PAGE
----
The Challenge of Professional Writing

“Good writing is clear thinking made visible.” – Bill Wheeler

I write awesome emails. Well, at least that is the feedback that I have received. Don’t get me wrong – I have been prudently coached on how to write awesome email messages. Not to let all that coaching go to waste, I have perfected the art over the last 15 years of my professional life. Now the time has come to share the wealth. Let’s make the world better – one email message at a time.  

The tips below are not applicable to every email message, of course. On the other hand, they are likely applicable to other forms of communication. This post is based on my own writing style, my real-life experiences, and my personal opinions only. You may have read something along the same lines somewhere else, or you may have read something completely opposite. I simply want to share what works for me and what I consider professionally acceptable.

Rule #1: Follow a template.

Just like every other piece of communication, an email message has to have all three major parts – an introduction, a body, and a conclusion.

I. Introduction:

  1. Under any circumstances, do NOT misspell the recipient’s name. Make sure you double- AND triple-check it before hitting that send button.
  2. If you are responding to an inquiry, thank them for contacting you.
  3. If you are asking a question, offer the reason why you are reaching out specifically to them (referral, research, etc.).

II. Body:

  1. Either directly respond to the inquiry or state your case.
  2. Consider your audience. Write in a way that does not warrant the recipient to break out a dictionary to translate your message or look up any un-common abbreviations/acronyms.
  3. Be concise. If you are writing to an exec, you have two sentence tops before you lose their attention. But even rank and file – like me – tends to get aggravated with pointless fluff. Get to the point as quickly as possible. Better yet, open with your main point – that will allow the exec to decide right away, if it is worth their time.
  4. Remember that your message could be forwarded. Multiple times. Write every message like the CEO is going to be reading it.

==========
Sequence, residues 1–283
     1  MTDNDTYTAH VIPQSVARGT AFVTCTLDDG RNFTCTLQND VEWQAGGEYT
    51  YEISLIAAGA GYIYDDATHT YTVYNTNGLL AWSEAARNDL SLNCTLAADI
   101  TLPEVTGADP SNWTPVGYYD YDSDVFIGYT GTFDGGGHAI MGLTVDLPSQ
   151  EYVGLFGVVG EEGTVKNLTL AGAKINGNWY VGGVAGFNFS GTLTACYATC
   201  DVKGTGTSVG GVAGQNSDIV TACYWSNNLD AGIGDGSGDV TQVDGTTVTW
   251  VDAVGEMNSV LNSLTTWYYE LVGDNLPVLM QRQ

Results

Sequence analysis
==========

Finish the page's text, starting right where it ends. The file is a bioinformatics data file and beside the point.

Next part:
5. Do not write more than three relatively short sections. If you have more than that to say, pick up the phone. One exception to this rule is records retention – stuff has to be documented. However, in most of these cases, the recipient already knows the reason for a lengthy message.

III. Conclusion:

  1. Emphasize any action items that you need them to take or your own next steps; include a due date, if necessary.
  2. Let them know that it is perfectly acceptable to contact you with any questions, suggestions, or concerns.
  3. Thank the addressee for their time and attention.
  4. Do not use the same sign off that you do with your drinking buddies, such us “Cheers!”. “Regards” or “Thanks so much” sound much more professional.
  5. Have a standardized signature. It should contain your name, any letters after it that you have earned with blood, sweat, and tears, your title, and a way to find you (your company name, location, phone number, etc.). However, your employer may already have certain guidelines in place.
  6. Do not include any quotes, advertisements, or pictures (other than your company logo), no matter how work-related or otherwise professional they are.

IV. Subject Line:

Subject line requires a lot of thought. On one hand, it could tell the reader – at a glance – the reason for your message, without even having to open the message. On the other hand, it could create a mystery to pique your reader’s attention. What will make the person you are writing to more likely to open your email? Most of the time I write it after I have finished composing the entire message.

V. Common mistakes to avoid:

  1. Random capitalization. Do not capitalize words in the middle of the sentence that do not fall under the common capitalization rules.
  2. Lack of periods at the end of a sentence. Or question marks. Or other unruly punctuation. 
  3. Irrelevant information. Stay focused. Do not bring up any random stuff not related to the point of the communication.
  4. Lack of space. Visually separate your writing. It is very hard to read and follow, when the entire massage is lumped in one continuous paragraph. In fact, I write in bulleted lists most of the time.
  5. Spelling errors and typos. Proofread and edit. Always. Personally, if it isn’t super urgent, I like to save the draft, and come back to it later to wordsmith it and catch any grammatically errors. It helps me ensure that I am saying exactly what I want to say and that every word conveys precisely the meaning that I want it to convey. There are several online dictionaries to help you make sure that you are saying exactly what you mean.
  6. Lack of response. Enough said.
  7. Inadequate response time. Be mindful of timing. The unwritten rule for email responses is 24 hour. However, personally, I do not always follow that rule. It is more important for me to be on point and to provide the person with the right information, than to follow a social media rule. On the other hand, if it will take more than a couple of days, I let the person know when I anticipate having the information they are looking for.


Language is a powerful tool. Your communication skills are an integral part of your executive presence. Make sure that your writing aligns with the way you want to be perceived by the world.

Do you have any professional writing tips for me?



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